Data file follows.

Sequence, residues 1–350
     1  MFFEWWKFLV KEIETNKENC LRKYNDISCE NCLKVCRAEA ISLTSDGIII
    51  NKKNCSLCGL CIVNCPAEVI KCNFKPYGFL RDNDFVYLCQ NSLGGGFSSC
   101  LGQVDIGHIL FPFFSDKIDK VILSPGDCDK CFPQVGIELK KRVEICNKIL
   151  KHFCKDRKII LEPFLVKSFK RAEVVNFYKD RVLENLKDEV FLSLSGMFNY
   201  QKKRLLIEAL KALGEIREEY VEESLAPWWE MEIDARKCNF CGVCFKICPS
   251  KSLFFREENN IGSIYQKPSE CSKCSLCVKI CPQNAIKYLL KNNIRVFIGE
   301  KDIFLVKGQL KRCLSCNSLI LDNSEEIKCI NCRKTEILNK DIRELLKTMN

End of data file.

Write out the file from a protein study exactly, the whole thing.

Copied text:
Sequence, residues 1–350
     1  MFFEWWKFLV KEIETNKENC LRKYNDISCE NCLKVCRAEA ISLTSDGIII
    51  NKKNCSLCGL CIVNCPAEVI KCNFKPYGFL RDNDFVYLCQ NSLGGGFSSC
   101  LGQVDIGHIL FPFFSDKIDK VILSPGDCDK CFPQVGIELK KRVEICNKIL
   151  KHFCKDRKII LEPFLVKSFK RAEVVNFYKD RVLENLKDEV FLSLSGMFNY
   201  QKKRLLIEAL KALGEIREEY VEESLAPWWE MEIDARKCNF CGVCFKICPS
   251  KSLFFREENN IGSIYQKPSE CSKCSLCVKI CPQNAIKYLL KNNIRVFIGE
   301  KDIFLVKGQL KRCLSCNSLI LDNSEEIKCI NCRKTEILNK DIRELLKTMN